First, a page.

“Big-nose variant” is an anatomical phenomenon defined as the pneumatization of inferior third of the nasal cavity within the alveolar ridge while simultaneously displacing the maxillary sinus laterally. The purpose of the present study was to assess the prevalence of the big-nose variant phenomenon and suggest a morphology classification system. Diagnostic anatomical evaluation was performed in a tertiary medical center on 321 randomly selected maxillary cone beam computerized tomography scans of patients who presented at an oral and maxillofacial department. Two anatomical categories were defined for anatomical identification: classes for horizontal mesiodistal distribution, and divisions for vertical distribution. Class 2, defined as location of the nasal/sinus border between the distal edge of the canine up to the distal edge of second premolar, was found to be the most prevalent (64.6%). Class 3, defined as location of the nasal/sinus border distal to mesial edge of the first molar, was found in 17.9% of cases. Regarding the divisions category, in 96% and 58.2% of teeth examined, nasal cavity alone was found to be superior to the canine and first premolar, respectively, defined as Division A. In 46.9% and 85.6% of teeth examined, maxillary sinus alone was located above the second premolar and first molar, respectively, defined as Division C. Identifying Class 3 on the paraxial reconstruction is the first step in identifying big-nose variant, with further assurance gained from each determining division. The use of the classes and divisions may enable better maxillary treatment planning, alert surgeons for the unexpected, and avoid complications.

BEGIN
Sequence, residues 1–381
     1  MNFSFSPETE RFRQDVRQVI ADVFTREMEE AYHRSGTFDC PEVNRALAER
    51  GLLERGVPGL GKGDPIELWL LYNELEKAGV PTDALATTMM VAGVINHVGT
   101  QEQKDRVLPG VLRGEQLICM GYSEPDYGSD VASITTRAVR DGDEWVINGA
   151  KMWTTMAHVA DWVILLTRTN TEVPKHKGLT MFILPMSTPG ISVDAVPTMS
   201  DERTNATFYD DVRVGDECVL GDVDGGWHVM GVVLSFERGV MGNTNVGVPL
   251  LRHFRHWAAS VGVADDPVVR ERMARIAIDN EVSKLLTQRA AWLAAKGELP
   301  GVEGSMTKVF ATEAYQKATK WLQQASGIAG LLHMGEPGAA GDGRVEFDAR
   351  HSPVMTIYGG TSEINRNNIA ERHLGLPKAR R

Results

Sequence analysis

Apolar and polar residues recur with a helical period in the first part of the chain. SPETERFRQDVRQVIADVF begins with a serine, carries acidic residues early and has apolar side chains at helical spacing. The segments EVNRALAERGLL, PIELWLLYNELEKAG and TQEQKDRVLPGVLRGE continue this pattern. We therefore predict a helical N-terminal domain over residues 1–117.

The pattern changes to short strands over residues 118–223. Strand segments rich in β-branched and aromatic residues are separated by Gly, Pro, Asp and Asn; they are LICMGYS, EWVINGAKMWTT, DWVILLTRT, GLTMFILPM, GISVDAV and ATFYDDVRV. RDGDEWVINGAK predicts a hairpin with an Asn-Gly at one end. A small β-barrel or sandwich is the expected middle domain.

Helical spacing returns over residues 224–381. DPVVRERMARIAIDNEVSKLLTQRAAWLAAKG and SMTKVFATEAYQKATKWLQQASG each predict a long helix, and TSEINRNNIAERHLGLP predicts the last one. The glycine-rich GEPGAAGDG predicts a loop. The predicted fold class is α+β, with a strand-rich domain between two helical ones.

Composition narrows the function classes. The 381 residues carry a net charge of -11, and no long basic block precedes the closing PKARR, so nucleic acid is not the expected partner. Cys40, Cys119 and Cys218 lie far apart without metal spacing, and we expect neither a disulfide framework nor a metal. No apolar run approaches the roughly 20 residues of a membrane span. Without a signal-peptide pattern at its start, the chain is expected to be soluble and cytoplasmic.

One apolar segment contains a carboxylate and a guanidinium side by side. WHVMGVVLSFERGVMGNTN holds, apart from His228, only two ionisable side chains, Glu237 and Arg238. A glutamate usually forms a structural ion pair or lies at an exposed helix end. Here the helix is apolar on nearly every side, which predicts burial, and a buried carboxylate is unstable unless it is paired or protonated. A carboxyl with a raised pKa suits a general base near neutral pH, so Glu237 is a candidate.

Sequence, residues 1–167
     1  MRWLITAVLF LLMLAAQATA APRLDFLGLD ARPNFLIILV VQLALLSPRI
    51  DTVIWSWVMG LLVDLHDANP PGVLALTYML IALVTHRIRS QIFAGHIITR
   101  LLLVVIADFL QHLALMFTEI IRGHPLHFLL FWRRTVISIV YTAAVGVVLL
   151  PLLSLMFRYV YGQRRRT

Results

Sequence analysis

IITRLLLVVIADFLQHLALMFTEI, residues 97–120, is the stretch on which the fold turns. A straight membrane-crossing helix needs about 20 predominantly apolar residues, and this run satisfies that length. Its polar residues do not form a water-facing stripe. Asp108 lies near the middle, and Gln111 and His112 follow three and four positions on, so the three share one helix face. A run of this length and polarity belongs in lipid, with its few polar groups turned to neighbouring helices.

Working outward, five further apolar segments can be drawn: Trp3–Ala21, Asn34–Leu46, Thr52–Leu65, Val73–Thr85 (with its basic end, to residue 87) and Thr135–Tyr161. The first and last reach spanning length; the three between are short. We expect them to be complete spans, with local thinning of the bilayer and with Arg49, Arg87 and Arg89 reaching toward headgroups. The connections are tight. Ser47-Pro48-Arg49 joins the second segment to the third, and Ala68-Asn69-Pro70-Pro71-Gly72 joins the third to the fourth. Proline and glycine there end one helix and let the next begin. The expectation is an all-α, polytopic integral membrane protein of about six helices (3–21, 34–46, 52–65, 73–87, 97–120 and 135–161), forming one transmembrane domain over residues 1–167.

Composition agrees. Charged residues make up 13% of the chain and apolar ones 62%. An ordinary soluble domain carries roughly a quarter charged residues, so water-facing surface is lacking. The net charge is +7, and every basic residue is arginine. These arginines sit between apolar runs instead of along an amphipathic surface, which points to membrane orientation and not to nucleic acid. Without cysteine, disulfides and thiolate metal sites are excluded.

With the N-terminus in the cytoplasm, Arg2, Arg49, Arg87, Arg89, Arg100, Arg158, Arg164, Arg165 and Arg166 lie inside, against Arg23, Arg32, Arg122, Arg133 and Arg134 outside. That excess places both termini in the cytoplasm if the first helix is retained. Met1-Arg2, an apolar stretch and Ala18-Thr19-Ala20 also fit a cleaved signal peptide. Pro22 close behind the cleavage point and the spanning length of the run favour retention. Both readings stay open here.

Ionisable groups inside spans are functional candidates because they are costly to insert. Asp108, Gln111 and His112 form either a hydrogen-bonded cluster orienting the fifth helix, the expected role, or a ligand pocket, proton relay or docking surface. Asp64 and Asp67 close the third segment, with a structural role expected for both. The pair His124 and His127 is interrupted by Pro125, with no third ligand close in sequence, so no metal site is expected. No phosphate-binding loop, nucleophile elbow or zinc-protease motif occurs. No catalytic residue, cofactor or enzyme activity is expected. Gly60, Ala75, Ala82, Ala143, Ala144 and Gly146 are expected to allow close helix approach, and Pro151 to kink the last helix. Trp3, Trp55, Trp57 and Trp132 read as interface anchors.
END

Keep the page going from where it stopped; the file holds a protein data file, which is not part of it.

- Big-nose variant
- Dental implant
- Maxillary sinus
- Nasal cavity bone augmentation